For John Monk: Some pictures from home


Little-known tidbit of newspaper personality trivia: John Monk of The State grew up in Kensington, Md., two blocks over from the house in which my Dad grew up. This was not at the same time, mind you. John’s older than I am, but not THAT much older. No, John remembers when my Aunt Bobbie’s family lived in what originally had been built as the Warthen house. He particularly remembers that my cousin Jackie drove a Ford Falcon as a high school student.

I had known John for years and years, but didn’t learn this stuff about him until after I hired him away from The Charlotte Observer in 1997.

Anyway, it all came up again when I went up there for Aunt Bobbie’s 90th birthday party. Jackie was there, but no Ford Falcon. The celebration wasn’t in Kensington, but further out in the far-flung suburbanopolis of Montgomery County. But before the party, Dad and I explored around Kensington a bit. I mentioned all this in a previous post.

While I was there, I called John to tell him I was on his street, but I was wrong. I thought he lived on Everett, but it was actually another block over on Franklin. I ran into John at Rotary yesterday, and promised to share with him some pictures from the visit. And I decided the easiest way to do that would be to post them here. This is bound to bore most of you, but you can just move on to another post. Maybe I’ll do something personal for you later.

To identify the pictures:

  1. Above you find my Dad checking out the old homestead at 3904 Dresden St. Remember it now, John? Second house over from Connecticut Ave. A fact or two about that house: It was built by my great-grandfather, Alfred Crittenton Warthen, as a wedding present to my grandfather, just under a century ago. It stayed in the family until the present owner bought it from Aunt Bobbie’s daughter, my cousin Mary Jane. A.C. Warthen, by the way, may have built your home, too, if it’s old enough. He built a lot of the homes in that area. I wish he had kept some in the family. I’d love to be sitting on some of that real estate today.
  2. Mizell Lumber & Hardware. My Dad remembered it from his day — he went to school with some Mizell’s. Thought you might remember it, too.
  3. The “modern” (circa 50s or 60s, I’m guessing) shopping center that was a block from the elementary school that I attended for a couple of months back before we were sent down to South America in 1962 (My Dad was doing language training in D.C.). I used to collect discarded pop bottles and exchange them at the grocery that used to be here, so I could spend the proceeds on soda and Mad magazines.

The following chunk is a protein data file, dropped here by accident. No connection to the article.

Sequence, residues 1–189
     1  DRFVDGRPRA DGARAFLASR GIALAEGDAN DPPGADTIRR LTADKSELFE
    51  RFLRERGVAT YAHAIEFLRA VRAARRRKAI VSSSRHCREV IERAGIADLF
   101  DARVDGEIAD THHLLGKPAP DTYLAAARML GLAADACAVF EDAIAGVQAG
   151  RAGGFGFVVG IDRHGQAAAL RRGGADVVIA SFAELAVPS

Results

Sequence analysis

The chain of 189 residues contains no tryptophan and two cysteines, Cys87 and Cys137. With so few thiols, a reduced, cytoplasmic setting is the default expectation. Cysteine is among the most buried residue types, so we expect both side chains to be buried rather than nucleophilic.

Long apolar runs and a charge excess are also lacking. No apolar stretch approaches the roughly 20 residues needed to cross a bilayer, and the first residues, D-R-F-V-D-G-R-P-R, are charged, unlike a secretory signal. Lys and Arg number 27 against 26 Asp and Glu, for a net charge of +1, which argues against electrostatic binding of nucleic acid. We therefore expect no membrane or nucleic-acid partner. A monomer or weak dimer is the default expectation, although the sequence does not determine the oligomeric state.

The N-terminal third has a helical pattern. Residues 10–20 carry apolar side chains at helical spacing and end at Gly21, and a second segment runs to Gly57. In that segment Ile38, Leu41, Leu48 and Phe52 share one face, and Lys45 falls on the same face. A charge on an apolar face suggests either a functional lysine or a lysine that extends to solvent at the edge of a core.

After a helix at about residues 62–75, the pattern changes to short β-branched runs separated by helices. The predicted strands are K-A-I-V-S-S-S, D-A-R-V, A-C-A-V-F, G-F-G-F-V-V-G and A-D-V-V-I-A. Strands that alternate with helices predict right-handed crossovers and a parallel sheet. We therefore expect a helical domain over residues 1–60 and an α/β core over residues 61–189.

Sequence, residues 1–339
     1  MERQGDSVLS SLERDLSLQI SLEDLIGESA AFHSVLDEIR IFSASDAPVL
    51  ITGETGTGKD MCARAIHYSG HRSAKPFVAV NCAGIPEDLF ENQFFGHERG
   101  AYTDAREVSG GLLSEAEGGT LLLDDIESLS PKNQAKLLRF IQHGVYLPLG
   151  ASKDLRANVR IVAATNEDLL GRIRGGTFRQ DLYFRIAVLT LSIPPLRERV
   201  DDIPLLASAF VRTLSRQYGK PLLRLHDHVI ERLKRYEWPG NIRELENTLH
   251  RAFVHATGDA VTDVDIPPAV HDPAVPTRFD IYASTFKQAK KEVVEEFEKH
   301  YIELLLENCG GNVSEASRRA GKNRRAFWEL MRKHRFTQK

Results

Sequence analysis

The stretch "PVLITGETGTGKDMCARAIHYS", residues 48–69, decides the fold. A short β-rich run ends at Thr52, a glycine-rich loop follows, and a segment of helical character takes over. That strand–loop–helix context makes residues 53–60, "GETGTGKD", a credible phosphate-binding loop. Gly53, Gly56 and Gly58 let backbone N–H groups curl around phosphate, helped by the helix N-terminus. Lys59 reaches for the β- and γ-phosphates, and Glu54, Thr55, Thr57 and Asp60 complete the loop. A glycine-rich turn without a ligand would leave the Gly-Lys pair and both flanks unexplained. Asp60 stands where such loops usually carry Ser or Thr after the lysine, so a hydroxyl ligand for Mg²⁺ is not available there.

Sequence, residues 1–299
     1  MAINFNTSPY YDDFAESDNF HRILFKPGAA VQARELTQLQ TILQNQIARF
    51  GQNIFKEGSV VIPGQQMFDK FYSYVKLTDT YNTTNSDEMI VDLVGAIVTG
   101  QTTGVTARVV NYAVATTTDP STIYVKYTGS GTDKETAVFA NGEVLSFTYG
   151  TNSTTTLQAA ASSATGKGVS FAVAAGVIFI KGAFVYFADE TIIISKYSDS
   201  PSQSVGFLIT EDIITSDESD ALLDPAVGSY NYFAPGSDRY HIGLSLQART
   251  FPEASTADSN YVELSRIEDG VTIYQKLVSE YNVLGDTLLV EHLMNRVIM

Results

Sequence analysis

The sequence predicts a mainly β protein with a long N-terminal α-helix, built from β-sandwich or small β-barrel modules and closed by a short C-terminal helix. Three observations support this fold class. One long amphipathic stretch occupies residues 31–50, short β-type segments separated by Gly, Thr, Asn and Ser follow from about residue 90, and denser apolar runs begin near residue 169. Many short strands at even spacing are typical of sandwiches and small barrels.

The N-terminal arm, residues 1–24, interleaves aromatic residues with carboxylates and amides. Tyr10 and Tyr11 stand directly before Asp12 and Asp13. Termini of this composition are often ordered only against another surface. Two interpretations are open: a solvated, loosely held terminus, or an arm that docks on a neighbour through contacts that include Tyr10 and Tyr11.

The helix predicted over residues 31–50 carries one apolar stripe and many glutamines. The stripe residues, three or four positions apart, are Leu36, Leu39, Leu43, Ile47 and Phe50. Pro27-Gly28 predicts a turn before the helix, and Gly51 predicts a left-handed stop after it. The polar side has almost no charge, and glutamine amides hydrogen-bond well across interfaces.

4. The old train station. They were having a local farmer’s market in the parking lot that Saturday.
  5. The house my grandmother lived in as a teenager. She had previously lived downtown next door to Pitchfork Ben Tillman, when he was a U.S. senator. I mentioned that in a previous column. Anyway, her father — an attorney from South Carolina working for the Treasury Department, who would later help start the GAO — eventually moved the family out here, away from the taint of Tillman. Here’s how she met my grandfather — she would see him walking past her house on the way to the train station each day in a suit and straw boater, carrying a bag. She thought he was a salesman, and the bag contained his wares. Actually, he was a ballplayer, and bag contained his uniform and glove. He worked for the Post Office, but he only worked there so that he could play ball for its team. He was a pitcher. Gerald “Whitey” Warthen would eventually be offered a contract with the Senators, which he turned down to work in his father’s business.
  6. OK, this isn’t even Kensington, but I liked the shot, from later in the same day as the ones above. That’s the security gate at Bethesda Naval Hospital close by. I shot this through the windshield just before pulling up to the gate, as the Jeep ahead pulled away.

Finally, John, here are the pictures I posted earlier from Dietle’s, where you told me you had a beer or two back in the day…

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